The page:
UBC Theses and Dissertations

UBC Theses Logo

UBC Theses and Dissertations

Choosing and developing high-functioning teams for infrastructure projects with non-traditional contract models Curmi, Tricia


As a $2.5 trillion global industry, infrastructure projects are a cornerstone of government planning worldwide. As projects continue to grow in size and complexity, successful project outcomes are paramount. Performance improvement has been a construction and project management research priority for decades without substantial improvement. The project team and relationships amongst stakeholders has been largely overlooked in this quest for better performance. This thesis seeks to explore attributes of the project team and its leadership as well as the relationships developed between the governmental authority and the consortium/special purpose vehicle/contractor as a means to forecast project success or failure. The primary objective of this study is to investigate the link between the project team and project outcomes in order to inform decisions related to procurement of megaprojects. Three Canadian public private partnership projects (PPP) in the transportation sector are studied during the course of this research (1) Sea to Sky Highway DBFOM, (2) Golden Ears Bridge DBFOM, and (3) Evergreen LRT DBF. The findings are informed initially by a detailed review of procurement documents, media reports, and government audits related to each project. These sources serve to corroborate the primary data collected through direct engagement with industry professionals responsible for decision making and leadership on the three projects (N=12). This study is exploratory in nature, utilizing qualitative methods in accordance with a constructivist grounded theory approach. It employs semi-structured interviews which allowed participants to provide depth and richness in their direct recollections. Findings suggest non-technical leadership attributes, integration, and collaborative project culture serve a critical role in relation to project performance. Through prioritizing relationship-development and evaluating non-technical leadership attributes within the procurement process, project owners can drive project resiliency and performance. This in turn can serve to re-define and re-prioritize the construction industry’s approach to the composition of project teams and partnership by rewarding relationship-oriented groups who engage collaboratively with project stakeholders.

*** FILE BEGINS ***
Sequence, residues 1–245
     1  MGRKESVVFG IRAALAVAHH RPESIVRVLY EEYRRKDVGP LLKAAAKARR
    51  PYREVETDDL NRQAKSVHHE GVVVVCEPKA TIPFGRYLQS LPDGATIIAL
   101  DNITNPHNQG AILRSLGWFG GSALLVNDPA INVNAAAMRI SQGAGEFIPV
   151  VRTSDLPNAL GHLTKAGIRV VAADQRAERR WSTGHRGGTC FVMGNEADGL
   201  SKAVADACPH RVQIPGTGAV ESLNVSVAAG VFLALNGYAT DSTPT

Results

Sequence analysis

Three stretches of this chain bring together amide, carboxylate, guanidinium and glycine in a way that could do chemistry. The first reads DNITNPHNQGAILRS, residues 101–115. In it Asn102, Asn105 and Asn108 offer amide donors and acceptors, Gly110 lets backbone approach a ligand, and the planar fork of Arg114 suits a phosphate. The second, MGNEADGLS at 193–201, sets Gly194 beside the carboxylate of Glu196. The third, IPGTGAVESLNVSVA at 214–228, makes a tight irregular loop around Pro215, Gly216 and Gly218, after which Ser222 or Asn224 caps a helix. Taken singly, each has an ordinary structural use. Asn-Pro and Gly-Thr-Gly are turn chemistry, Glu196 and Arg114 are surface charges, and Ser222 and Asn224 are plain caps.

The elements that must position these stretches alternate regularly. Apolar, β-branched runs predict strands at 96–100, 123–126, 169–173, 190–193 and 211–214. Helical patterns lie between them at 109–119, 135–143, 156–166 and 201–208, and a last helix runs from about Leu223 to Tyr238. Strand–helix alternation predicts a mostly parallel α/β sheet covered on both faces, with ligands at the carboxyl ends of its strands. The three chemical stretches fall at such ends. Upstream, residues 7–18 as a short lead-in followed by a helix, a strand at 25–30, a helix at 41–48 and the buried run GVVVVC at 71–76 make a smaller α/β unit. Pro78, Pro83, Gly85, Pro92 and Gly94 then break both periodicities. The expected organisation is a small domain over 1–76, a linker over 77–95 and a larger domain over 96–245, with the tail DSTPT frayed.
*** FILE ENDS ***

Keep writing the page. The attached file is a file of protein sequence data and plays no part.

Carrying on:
Item Media

Item Citations and Data


Attribution-NonCommercial-NoDerivatives 4.0 International